- Brian Williams - morris mn minnesota - bwilly73@yahoo.com

Sunday, June 3, 2018

Movie "LBJ" (2016) adds nothing to "All the Way"

My first reaction to "LBJ" could have been the same words used by Roger Ebert after seeing "The Three Stooges" movie. The movies shared a nostalgic purpose. Their creators no doubt sensed grand purpose. The real Three Stooges entertained a generation of moviegoers during the so-called Golden Age of Hollywood. And "LBJ?" We're making contact with the sweet part of the bat in connection with the boomers. Boomers can tell you in great detail where they were and how they heard about the JFK assassination. I was in Mrs. Peterson's third grade class at Longfellow Elementary School in Morris MN.
The two movies I'm referencing seemed to get a fair amount of traction in reaching an audience. But Roger Ebert said of "The Three Stooges" movie: "Was this necessary?" And I'll staple that comment to the 2016 cinematic offering "LBJ." The basis for my feelings? It's odd this movie should come out so closely on the heels of "All the Way." I found "All the Way" to be a more effective movie. It's about the Civil Rights Act but it could just as easily be seen as a biopic about Lyndon Baines Johnson. I'll never forget the scene where Johnson takes Hubert Humphrey across a lake, by surprise, in his amphibious car! A conspicuous portrayal of Humphrey would seem necessary in a movie about Johnson.
Because of my fondness for "All the Way," I found "LBJ" to have a redundant quality about it. "LBJ" takes us further back in Johnson's career than we'd really care to go. OK so he was a cunning politician who knew how to climb the ladder of power. Nothing unique or distinctive about that. His wife is seriously downplayed. I wish we'd heard the quote from her about how "I spent my inheritance to finance Lyndon's first campaign, and it was the best investment I ever made."
Somewhere I'm sure you can find a definition of "riding coattails." Such a definition should surely be accompanied by a picture of Lyndon Johnson, because he most surely rode the coattails of the deceased JFK to win in a landslide in 1964. Surely this decisive win had little to do with any inherent charm or heroic characteristics of the man himself. He seemed as unglamorous as JFK was glamorous.
Chris Matthews of MSNBC told us that when Lyndon Johnson left the presidency, "he went back to Texas and smoked himself to death." Did we see that habit in "LBJ?" I'm not going to re-watch the movie to see. I remember a critic putting down the movie "Pearl Harbor" because none of the GIs were seen smoking.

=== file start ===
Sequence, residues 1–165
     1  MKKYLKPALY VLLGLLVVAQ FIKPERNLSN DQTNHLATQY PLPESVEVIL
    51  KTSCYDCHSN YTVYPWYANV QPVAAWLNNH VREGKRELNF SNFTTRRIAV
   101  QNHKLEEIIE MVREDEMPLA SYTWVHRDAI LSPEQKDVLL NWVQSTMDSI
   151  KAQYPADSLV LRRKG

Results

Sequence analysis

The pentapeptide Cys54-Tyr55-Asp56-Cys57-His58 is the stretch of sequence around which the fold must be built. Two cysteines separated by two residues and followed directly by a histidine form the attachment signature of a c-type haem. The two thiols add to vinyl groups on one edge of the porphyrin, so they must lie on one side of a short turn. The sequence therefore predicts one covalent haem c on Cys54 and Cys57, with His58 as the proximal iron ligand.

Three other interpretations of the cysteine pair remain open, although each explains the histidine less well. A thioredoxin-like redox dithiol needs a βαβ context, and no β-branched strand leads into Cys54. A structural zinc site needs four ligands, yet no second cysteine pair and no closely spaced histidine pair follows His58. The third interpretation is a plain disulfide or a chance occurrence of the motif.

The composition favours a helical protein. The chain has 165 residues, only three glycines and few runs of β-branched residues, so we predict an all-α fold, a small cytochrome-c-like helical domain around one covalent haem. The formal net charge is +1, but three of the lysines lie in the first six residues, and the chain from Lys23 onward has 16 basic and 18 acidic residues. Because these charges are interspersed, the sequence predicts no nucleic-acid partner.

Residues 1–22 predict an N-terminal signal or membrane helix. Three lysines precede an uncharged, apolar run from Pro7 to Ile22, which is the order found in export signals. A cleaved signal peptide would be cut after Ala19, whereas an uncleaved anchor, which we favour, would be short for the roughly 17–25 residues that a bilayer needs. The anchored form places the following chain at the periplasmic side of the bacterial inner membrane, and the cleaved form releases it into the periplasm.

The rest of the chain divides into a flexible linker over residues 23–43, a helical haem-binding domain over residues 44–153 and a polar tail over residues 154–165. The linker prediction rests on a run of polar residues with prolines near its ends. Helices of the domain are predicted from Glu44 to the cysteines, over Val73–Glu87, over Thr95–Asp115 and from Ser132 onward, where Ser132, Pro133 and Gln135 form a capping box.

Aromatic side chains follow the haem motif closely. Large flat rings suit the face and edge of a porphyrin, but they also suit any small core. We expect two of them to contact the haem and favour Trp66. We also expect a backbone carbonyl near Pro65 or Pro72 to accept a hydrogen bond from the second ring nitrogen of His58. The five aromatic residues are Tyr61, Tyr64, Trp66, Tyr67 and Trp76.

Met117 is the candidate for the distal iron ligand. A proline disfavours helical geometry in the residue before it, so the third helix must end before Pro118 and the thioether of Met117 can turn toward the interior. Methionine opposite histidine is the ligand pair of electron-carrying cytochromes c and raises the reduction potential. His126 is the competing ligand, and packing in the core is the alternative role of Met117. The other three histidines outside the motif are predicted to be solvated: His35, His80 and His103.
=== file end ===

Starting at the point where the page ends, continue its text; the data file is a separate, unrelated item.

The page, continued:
Many critics have pointed out the excessive makeup applied to Woody Harrelson in order to play LBJ. But they don't seem to use this as a serious point of indictment for the movie. Most are inclined to admire Harrelson and to consider him a trooper for making this movie. The extent of makeup bothered me. Such makeup can endanger the health of the wearer. I'm reminded of the makeup job for Howard Stern, when he had a TV show many years ago, when he tried to portray William Shatner in Star Trek. Stern didn't even look like Captain Kirk but he rather looked like a monstrosity, sort of like the Phantom of the Opera.
I felt sorry for Harrelson under all that makeup.
"All the Way" had already made the point about Lyndon Johnson that needed to be made: he was a southerner who was readily amenable to bending on racism to accomplish an outcome he felt was inevitable. "All the Way" showed us Johnson's masterful cajoling techniques. Humphrey was the northern liberal who didn't have to bend at all. Johnson had to implore fellow southerners on how "the train is leaving the station." In "All the Way" he tells George Wallace "I'm not going to be remembered in history with the likes of you."
It never seemed a matter of pure principle with Johnson. He was master of he pragmatic.
The movie "LBJ" would have achieved a grander purpose, setting it apart from its predecessor, if it had probed further our slide into the Vietnam war, and Johnson's negligence in connection with this. "The train is leaving the station" meant that fundamental civil rights legislation was coming no matter what. The tragic escalation of Vietnam seems not in retrospect to have been inevitable. Maybe movies shy away from this because it's embarrassing to consider such failure and mendacity by our leaders.
Civil rights accorded basic rights to countless people for whom it was a huge step forward. Vietnam cost the lives, literally, of tens of thousands of young men who should have had their future in front of them. Our leaders lied to us because they didn't want to admit it was a mistake. Their fear was of "losing" the war. Well, we sure did go and lose it. Think of those images of desperate people trying to cling to helicopters at the end. The 1970s developed into a "funk" because we seemed rather ashamed of ourselves.
Now, here's a more novel and interesting movie idea than "LBJ": a movie about the then-controversial Smothers Brothers TV show!
- Brian Williams - morris mn minnesota - bwilly73@yahoo.com

Thursday, May 31, 2018

Matthew Gruber stymies Tigers from hill

'Waska 4, Tigers 0